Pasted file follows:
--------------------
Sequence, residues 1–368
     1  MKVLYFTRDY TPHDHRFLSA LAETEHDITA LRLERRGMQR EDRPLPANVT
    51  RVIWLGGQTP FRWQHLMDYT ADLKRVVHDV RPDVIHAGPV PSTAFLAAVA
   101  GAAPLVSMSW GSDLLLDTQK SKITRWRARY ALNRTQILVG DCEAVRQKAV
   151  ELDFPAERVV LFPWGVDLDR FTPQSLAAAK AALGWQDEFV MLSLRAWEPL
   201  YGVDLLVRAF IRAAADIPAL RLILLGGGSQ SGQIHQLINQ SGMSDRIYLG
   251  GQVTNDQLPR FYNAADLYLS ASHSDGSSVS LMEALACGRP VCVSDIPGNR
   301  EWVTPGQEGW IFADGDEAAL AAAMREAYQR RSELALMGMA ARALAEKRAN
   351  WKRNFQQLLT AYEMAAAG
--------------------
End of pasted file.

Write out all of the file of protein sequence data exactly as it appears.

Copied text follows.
Sequence, residues 1–368
     1  MKVLYFTRDY TPHDHRFLSA LAETEHDITA LRLERRGMQR EDRPLPANVT
    51  RVIWLGGQTP FRWQHLMDYT ADLKRVVHDV RPDVIHAGPV PSTAFLAAVA
   101  GAAPLVSMSW GSDLLLDTQK SKITRWRARY ALNRTQILVG DCEAVRQKAV
   151  ELDFPAERVV LFPWGVDLDR FTPQSLAAAK AALGWQDEFV MLSLRAWEPL
   201  YGVDLLVRAF IRAAADIPAL RLILLGGGSQ SGQIHQLINQ SGMSDRIYLG
   251  GQVTNDQLPR FYNAADLYLS ASHSDGSSVS LMEALACGRP VCVSDIPGNR
   301  EWVTPGQEGW IFADGDEAAL AAAMREAYQR RSELALMGMA ARALAEKRAN
   351  WKRNFQQLLT AYEMAAAG